The store is participating in the Northcott Sesquicentennial Quilt Block challenge as stated in a previous post.  Our block has a very graphic look with 4 angled coloured stripes against a creamy background giving it a very modern feel.  I was inspired to use JUST this block to make into a quilt. (By using just one block design, it is not eligible for the quilt challenge)  So I made 6 blocks sewn in a 2 by 3 block formation (rotating the squares)  with a red blender border, all fabrics from the Northcott sesquicentennial line.

Most quilters that I have met do not pre-wash their fabric before using them in a quilt.  Part of this argument is that the fabric in quilt kits are pre-cut so it would be difficult to pre-wash small pieces of fabrics.

Another reason is the sizing gives the fabric a crisp hand making it easier to cut and piece. Also, the slight shrinking of the fabric after being quilted gives the quilt an antique look.

Being primarily a fashion sewist, this goes against one of the first sewing rules I ever learnt.  Afterall, who wants to finish a garment only for it to shrink in the sleeves or hem!  But do as the Romans, so I cut and pieced the quilt without pre-washing.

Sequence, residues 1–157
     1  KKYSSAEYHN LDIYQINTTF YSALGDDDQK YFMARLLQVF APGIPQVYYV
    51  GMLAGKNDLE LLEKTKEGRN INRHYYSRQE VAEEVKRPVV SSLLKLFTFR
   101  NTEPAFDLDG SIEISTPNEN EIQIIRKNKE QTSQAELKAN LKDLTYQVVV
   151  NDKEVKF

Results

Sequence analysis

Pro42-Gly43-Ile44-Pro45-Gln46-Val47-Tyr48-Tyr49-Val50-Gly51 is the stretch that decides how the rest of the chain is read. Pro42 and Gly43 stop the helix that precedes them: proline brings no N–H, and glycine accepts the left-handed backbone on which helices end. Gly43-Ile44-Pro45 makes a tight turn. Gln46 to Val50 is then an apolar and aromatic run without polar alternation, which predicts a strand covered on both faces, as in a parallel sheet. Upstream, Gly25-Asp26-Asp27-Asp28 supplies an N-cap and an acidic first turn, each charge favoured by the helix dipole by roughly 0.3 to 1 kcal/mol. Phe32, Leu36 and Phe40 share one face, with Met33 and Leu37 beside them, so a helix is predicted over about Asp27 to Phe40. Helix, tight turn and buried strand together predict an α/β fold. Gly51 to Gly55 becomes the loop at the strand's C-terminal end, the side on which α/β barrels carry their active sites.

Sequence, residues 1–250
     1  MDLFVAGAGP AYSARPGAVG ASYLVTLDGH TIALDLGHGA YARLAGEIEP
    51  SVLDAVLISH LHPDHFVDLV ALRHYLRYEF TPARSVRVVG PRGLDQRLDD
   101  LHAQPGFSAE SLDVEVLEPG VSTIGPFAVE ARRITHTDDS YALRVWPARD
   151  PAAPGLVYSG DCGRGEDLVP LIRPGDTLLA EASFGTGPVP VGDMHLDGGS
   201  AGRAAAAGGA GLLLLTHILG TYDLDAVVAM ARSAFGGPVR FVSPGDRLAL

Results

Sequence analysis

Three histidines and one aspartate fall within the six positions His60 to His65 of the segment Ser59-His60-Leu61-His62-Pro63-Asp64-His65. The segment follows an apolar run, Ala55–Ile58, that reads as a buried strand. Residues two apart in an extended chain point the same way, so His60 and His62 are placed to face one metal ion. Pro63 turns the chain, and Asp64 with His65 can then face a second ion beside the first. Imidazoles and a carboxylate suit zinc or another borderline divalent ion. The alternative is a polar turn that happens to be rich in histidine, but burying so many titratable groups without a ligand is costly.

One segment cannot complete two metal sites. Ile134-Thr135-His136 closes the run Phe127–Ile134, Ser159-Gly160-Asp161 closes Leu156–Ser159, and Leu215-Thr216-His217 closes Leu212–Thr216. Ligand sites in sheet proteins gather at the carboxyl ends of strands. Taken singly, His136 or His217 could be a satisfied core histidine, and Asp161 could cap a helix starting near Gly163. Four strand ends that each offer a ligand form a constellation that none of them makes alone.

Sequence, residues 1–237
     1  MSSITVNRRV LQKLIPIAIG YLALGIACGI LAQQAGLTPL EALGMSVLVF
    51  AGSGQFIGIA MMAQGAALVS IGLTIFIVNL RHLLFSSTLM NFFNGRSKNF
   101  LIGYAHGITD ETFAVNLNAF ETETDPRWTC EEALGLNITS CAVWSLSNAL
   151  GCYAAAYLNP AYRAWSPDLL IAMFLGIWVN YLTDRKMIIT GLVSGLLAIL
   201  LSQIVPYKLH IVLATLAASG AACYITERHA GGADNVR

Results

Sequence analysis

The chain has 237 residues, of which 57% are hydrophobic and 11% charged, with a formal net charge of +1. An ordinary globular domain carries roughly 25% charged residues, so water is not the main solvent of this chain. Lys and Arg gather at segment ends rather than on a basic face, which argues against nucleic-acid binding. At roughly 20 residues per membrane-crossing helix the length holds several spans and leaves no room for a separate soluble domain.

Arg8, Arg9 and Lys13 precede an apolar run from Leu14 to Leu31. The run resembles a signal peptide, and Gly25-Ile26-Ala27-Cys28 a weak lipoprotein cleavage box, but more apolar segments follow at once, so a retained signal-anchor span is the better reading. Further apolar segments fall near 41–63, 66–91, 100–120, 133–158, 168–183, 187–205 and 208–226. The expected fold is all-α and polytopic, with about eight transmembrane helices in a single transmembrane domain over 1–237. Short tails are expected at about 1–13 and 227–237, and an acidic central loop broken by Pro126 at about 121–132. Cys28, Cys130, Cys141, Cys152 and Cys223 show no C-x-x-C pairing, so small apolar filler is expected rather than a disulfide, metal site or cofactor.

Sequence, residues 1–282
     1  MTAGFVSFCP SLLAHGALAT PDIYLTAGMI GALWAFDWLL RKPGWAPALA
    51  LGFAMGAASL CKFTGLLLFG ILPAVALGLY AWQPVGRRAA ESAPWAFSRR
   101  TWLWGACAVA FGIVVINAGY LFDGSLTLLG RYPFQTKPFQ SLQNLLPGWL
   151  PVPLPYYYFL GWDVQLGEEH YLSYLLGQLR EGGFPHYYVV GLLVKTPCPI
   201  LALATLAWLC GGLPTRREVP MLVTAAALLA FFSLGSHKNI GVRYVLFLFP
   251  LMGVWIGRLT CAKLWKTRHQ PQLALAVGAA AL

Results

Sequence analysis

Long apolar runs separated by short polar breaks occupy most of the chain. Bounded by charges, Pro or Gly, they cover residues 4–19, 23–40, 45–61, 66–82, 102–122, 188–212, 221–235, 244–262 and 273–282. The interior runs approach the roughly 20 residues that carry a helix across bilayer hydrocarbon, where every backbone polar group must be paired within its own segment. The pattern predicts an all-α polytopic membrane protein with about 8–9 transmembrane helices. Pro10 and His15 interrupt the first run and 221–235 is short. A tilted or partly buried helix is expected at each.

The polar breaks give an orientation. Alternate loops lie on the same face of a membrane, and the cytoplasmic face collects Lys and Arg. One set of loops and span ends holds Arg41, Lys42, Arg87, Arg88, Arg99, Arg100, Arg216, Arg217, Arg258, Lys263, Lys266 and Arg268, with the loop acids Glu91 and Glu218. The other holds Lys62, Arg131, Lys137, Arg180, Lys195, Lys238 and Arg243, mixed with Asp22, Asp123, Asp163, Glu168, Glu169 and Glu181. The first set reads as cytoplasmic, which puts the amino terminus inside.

For the actual quilting, I wanted to keep the graphic feel, so drew straight lines parallel to  the coloured strips with a water soluable pen.   I quilted away, patting myself on the back for completing this quite quickly.  Pretty soon, all the quilting was done and the binding was attached.  Next, removal of the penned quilting lines.  I started by spritzing water using a spray bottle.  But I quickly found my hand seizing up with the constant compression of the spritzer.  How to remove the lines in one fell swoop?  Put the quilt in the washing machine on rinse cycle only which will also spin out the excess water.  So easy, right?

Well, I jinxed myself.  After the machine had finished the spin cycle, I pulled the quilt out and lo and behold, I now have a PINK quilt!  Merde!


I hung the quilt to dry, as the heat from the dryer will set the colour, and ran to Mr Google to find out how to remove colour bleed.  Obviously I’m not the only one to have done this as there are many sites dedicated to this subject but they all have varying answers and results.   I happened to catch a quilt instructor at the store and after discussing the problem with her, have decided to try the synthropol method first.  I will report back the results after the experiment.

So, has this happened to you?  Did you manage to resolve the situation?  What did you do that worked for you?